The MotoGP free practice sessions at Estoril have so far followed an all too familiar pattern, and a rather dispiriting one for anyone who is not Casey Stoner, or one of Stoner's fans. From the very first free practice session, Stoner has once again come out and been the fastest rider on the track, every single outing. The only glimmer of hope for the opposition was that on Friday, Stoner's dominance wasn't quite as total as at previous tracks, with the afternoon's FP2 session ending with 16 riders within a second of Stoner's fastest lap.
But this morning, during the final free practice session, Casey Stoner once again stamped his authority on the proceedings. In the cooler morning conditions, Stoner shattered the race lap record by 3/4 of a second, during a long run of 12 laps, 10 of which were faster than Kenny Roberts Jr lap record from last year's race. Valentino Rossi was second fastest, but was a quarter of a second back, with only the top 7 within a second of Stoner this time. So as qualifying approached, it looked like another pole was already in the bag for Casey Stoner.
The session started warm and sunny, excellent conditions for riding a motorcycle fast. After the initial flurry of name changes at the top of the timesheet, as the riders got up to speed, Valentino Rossi became the first rider to get into the 1'37 bracket, and onto what is likely to be race pace tomorrow. His time would not stand for very long, as a couple of minutes later, it was usurped by John Hopkins, but Rossi struck back some 5 minutes later, with 42 minutes left in the session.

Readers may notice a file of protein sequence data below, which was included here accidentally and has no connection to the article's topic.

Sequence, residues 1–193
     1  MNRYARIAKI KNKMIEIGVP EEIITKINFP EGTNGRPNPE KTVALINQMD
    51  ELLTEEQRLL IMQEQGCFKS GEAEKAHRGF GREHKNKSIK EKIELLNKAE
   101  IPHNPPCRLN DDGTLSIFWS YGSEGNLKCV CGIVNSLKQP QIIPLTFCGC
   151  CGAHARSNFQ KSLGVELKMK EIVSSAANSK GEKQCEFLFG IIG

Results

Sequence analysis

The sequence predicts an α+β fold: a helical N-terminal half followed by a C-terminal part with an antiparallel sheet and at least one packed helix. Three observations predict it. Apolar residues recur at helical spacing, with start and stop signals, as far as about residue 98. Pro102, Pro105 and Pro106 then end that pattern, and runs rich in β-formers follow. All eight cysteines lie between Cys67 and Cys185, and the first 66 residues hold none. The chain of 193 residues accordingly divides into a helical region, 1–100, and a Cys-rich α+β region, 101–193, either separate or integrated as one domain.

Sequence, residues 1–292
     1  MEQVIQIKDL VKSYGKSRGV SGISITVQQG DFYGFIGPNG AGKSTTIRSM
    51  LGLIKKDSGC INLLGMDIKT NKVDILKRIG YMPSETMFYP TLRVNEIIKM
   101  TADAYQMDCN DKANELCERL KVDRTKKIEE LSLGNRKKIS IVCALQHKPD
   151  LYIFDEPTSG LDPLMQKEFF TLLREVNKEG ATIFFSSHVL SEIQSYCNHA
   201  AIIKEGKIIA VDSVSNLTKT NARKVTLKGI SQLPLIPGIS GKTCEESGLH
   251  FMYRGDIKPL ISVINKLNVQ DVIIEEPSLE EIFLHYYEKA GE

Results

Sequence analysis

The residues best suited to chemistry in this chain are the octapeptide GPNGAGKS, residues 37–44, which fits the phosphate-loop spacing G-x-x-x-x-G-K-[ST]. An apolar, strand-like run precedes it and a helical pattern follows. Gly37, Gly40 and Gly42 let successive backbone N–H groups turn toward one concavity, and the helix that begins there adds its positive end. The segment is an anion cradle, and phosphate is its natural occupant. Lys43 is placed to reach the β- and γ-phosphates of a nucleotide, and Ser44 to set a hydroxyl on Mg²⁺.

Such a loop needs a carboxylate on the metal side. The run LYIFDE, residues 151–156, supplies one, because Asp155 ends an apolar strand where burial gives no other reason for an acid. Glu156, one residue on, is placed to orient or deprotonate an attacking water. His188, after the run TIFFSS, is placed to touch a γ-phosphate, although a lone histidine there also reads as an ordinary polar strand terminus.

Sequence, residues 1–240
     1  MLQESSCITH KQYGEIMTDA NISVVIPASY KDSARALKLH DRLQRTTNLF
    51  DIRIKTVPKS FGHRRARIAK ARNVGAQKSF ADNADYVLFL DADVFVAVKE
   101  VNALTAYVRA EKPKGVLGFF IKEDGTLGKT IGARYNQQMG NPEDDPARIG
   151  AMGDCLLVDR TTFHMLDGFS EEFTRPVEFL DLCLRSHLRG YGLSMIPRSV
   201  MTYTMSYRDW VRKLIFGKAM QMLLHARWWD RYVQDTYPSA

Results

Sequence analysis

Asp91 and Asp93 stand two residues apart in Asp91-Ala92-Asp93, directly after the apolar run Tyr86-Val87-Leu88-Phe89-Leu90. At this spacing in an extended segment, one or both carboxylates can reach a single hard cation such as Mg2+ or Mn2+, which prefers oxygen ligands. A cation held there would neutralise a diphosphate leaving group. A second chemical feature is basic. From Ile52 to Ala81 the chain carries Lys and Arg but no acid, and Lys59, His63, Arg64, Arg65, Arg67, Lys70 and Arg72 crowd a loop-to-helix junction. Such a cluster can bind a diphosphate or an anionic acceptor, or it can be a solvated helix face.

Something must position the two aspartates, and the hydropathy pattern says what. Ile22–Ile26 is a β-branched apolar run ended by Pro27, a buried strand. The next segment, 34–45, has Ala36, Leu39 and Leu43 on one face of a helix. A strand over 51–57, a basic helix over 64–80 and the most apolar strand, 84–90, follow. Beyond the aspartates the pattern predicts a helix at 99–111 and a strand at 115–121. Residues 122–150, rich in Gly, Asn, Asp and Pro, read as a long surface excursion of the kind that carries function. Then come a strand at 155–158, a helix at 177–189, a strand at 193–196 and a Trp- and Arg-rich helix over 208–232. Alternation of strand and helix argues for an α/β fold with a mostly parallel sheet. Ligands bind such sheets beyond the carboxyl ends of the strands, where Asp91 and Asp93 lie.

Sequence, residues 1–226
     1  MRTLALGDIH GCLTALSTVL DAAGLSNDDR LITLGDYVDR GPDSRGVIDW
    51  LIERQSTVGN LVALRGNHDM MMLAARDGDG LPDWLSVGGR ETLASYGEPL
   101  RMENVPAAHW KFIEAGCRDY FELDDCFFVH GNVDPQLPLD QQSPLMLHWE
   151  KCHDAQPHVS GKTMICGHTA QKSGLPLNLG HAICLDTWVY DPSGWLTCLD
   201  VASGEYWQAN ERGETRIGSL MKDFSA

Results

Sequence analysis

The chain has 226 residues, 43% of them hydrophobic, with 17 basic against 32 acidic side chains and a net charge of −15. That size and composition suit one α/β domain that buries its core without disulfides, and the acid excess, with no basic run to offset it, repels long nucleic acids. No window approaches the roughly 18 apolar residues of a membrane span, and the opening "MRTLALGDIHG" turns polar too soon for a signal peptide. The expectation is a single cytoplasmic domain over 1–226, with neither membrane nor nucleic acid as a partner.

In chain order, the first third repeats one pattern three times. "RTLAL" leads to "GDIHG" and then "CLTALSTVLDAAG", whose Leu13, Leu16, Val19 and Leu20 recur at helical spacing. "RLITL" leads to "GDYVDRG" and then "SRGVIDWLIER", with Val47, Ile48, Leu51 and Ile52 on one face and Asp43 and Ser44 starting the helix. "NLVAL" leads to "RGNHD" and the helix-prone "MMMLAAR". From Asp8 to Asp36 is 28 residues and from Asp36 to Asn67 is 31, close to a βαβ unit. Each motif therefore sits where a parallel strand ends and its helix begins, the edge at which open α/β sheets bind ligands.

Rossi's fortunes have improved a little since the post-race test at Misano, wnere he found some Michelin tires which worked better than previous tires. These improved tires had helped Rossi run encouragingly close to Stoner, giving him hope that he should at least be able to put up a fight at Estoril. Ten minutes later, with just under half of the session left, the improvement of the Michelins was confirmed by Dani Pedrosa, who took 0.15 of a second of Rossi's time to take the provisional pole.
So where was Stoner? Eyebrows were being raised all around the paddock by the fact that the Australian championship leader was not dominating the session as usual. Stoner had slowly climbed up the standings, from 7th, to 5th, to 4th, but he was not pushing for the fastest time. Stoner was also spending a surprising amount of time in the pits. That in itself is ominous, suggesting that Stoner has a tire and a setup he's happy with, and is ready to race.
With 20 minutes to go, the waiting was on for the first rider to go out on qualifiers, and try and take the pole. All eyes were on Randy de Puniet, who can usually be relied on to be the first out on qualifying tires. But this time, it was not de Puniet who went first, it was the two Tech 3 Yamahas, trying out their Dunlop Qualifiers, Sylvain Guintoli managing the 4th fastest time, while Makoto Tamada set the 2nd fastest time, just over 1/10th behind Pedrosa. But with the Dunlop riders not subject to the tire restrictions, once the Tech 3 team had been out, it all went quiet, as the riders headed back to the pits, and waited for the right moment to try and set a time for the grid.
The first rider to succumb to the temptation of an empty track was Toni Elias, riding without pain killers for his injured leg for the first time, who managed to set the 2nd fastest time ahead of Tamada, and just a fraction behind Pedrosa, but with 12 minutes of the session left, it began in earnest. Casey Stoner went out on a qualifier and, as if to remind everyone who had dominated all the previous sessions, set a blistering time of 1'36.594, nearly a second faster than Pedrosa's time, to take provisional pole. The mark having been set, Stoner cruised back to the pits, to see if anyone had an answer for him.